Today, 95% of the investment belongs to Eldorado Gold and 5% to AKTOR (Bobolas, who is the owner of AKTOR is also the owner of several media outlets in Greece, including a TV channel, newspapers, etc.). […]
* Η ΣΙΩΠΗ ΜΑΣ, Ο ΧΡΥΣΟΣ ΤΟΥΣ – OUR SILENCE, THEIR GOLD
OUR SILENCE… THEIR GOLD: Video of the Open Coordinative of Thessaloniki against the goldmines that was first screened in an event of counter-information at Aristotelous Square in the city of Thessaloniki (April 26, 2012) —press cc button to enable English subtitles (trans. by Contra Info)
The testimonies of the residents of Halkidiki are excerpts from the research film Treasure Hunt (2007) @ http://youtube.com/watch?v=V6mIv7YU4x4
* “BURNOUT” SWISS EXHIBIT SHOWS GREEK CRISIS
By Christina Flora, Greek Reporter
The depth of the Greek economic crisis is being displayed in Switzerland, thanks to a photography exhibition by Dimitris Michalakis at Zurich’s Coalmine Gallery .
According to Enetenglish, Burnout derives from the psychology’s field. “Burnout means ‘occupational exhaustion’. The crisis has given the elite a golden opportunity to impoverish the working class and wipe out the middle class, forgetting that the wealth we all enjoy is produced by workers. We live in a system that has everything, but not for everyone,” the photographer said. […]
* WRITING THE UNWRITTEN HANDBOOK: ANTI-FASCISM AND NEIGHBORHOOD RESISTANCE IN ATHENS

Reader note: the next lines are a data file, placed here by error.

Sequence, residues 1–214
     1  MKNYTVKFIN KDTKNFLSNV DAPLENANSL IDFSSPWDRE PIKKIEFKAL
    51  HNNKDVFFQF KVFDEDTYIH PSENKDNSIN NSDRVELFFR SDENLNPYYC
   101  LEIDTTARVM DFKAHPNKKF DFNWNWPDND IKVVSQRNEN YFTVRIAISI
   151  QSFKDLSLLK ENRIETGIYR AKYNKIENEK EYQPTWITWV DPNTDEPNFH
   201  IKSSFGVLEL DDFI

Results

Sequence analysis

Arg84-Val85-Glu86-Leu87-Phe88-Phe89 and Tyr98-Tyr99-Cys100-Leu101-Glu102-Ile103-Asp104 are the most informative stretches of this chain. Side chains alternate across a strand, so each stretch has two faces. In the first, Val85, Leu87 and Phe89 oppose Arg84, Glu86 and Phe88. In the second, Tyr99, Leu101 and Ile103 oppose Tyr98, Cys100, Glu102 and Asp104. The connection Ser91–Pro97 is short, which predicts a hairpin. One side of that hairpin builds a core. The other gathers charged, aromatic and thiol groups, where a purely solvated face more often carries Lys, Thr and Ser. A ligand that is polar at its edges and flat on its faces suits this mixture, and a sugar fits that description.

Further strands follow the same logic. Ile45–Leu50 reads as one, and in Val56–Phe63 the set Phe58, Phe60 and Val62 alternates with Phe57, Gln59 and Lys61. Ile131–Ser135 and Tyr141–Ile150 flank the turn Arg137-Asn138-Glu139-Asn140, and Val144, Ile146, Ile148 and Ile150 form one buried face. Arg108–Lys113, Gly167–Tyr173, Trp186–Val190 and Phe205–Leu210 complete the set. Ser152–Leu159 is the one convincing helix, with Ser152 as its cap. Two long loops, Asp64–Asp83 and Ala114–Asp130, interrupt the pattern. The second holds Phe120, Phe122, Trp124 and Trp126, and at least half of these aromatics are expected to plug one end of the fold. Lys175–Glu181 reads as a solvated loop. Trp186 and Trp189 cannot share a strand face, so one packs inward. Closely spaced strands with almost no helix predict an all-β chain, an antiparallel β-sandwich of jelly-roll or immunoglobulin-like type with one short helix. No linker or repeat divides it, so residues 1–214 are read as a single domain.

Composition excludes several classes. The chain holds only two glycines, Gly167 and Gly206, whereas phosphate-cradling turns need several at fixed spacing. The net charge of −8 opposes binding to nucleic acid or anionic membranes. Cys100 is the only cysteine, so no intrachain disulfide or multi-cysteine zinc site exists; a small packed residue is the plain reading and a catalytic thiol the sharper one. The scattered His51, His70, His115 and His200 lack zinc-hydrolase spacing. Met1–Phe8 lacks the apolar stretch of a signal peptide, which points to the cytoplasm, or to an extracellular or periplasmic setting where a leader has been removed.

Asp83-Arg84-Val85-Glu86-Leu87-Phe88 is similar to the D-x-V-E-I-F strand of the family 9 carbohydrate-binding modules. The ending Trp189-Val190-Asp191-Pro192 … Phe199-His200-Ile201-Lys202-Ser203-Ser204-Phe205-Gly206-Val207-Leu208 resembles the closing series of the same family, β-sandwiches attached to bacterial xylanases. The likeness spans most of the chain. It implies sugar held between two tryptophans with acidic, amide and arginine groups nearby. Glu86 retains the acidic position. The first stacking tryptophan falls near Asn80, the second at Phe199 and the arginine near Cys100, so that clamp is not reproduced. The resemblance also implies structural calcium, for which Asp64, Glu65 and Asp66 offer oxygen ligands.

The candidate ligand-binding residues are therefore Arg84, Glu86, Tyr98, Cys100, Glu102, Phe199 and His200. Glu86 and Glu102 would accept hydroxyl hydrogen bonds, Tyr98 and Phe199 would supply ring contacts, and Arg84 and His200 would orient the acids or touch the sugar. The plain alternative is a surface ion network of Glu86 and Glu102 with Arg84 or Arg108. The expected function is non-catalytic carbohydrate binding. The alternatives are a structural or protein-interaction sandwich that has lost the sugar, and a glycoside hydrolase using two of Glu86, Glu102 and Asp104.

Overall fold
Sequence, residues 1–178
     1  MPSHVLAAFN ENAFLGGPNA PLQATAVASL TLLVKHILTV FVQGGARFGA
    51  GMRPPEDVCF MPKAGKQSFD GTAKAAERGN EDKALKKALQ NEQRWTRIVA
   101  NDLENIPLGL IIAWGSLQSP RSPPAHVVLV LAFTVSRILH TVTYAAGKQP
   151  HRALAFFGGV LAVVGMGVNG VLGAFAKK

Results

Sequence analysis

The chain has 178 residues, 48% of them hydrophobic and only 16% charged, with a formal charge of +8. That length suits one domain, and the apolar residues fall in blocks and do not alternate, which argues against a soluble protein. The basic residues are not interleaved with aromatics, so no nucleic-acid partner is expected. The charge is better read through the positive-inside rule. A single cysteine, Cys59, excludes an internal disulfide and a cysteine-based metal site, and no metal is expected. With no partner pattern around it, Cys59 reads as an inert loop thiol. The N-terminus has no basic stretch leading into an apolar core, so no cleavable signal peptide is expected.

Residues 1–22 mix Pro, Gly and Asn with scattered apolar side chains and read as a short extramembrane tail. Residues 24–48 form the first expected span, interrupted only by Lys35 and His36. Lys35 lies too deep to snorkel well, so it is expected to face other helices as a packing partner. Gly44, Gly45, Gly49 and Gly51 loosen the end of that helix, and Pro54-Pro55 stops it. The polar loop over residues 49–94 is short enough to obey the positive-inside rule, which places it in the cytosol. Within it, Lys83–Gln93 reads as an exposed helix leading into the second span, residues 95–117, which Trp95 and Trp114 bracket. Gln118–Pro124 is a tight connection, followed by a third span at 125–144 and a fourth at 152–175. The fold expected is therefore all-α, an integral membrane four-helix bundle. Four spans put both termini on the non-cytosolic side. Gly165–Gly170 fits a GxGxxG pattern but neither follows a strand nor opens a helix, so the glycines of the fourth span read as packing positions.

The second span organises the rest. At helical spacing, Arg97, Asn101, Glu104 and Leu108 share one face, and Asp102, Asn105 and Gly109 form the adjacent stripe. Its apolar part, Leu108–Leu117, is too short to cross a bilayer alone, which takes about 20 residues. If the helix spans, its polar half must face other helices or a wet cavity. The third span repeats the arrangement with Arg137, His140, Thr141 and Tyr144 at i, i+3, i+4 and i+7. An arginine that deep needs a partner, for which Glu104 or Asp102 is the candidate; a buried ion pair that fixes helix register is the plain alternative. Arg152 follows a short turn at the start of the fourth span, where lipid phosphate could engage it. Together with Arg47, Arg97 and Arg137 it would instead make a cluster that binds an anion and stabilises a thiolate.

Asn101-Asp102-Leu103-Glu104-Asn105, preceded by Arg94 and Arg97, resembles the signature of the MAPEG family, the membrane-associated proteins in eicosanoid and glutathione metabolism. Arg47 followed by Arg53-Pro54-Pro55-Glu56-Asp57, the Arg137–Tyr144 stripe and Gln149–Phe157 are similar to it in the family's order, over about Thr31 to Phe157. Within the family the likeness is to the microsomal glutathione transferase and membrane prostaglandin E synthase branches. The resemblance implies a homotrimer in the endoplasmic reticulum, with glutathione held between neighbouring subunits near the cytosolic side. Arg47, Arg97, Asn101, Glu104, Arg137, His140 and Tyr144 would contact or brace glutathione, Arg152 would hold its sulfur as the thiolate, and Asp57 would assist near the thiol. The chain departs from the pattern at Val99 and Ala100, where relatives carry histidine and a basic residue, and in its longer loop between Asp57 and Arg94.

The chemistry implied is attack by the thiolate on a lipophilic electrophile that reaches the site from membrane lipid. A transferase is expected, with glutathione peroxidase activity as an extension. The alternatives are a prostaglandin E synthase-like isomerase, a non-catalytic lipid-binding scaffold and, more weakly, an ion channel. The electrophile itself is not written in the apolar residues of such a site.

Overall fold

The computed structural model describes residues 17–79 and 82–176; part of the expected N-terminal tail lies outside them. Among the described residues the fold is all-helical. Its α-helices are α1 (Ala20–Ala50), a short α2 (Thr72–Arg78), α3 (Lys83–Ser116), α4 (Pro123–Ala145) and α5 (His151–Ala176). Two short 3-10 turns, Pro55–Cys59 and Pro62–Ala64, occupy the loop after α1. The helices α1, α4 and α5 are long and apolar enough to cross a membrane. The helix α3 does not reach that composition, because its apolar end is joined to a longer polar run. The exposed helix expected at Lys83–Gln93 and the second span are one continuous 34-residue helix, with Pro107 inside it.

By Joshua Stephens, Truthout
Last spring, I was invited to give a handful of talks in Athens and Thessaloniki on the Occupy movement. Not long after I returned to New York City, it was revealed that the Greek neo-Nazi party, Golden Dawn – now the country’s third-largest, with the electoral backing of half the country’s police force – had established something of a diplomatic mission, setting up offices in Montreal, Sydney and smack in my backyard in the Queens neighborhood of Astoria. A swift organizing effort kicked off in response, and Golden Dawn backers were promptly stripped of their office space in a local Greek community center, but not before they managed to solicit donations of money and clothing from local businesses “for struggling Greek families.” So I returned to Athens to check in with anti-fascist organizers about the work happening in Astoria, and to get feedback about how to better synchronize our efforts.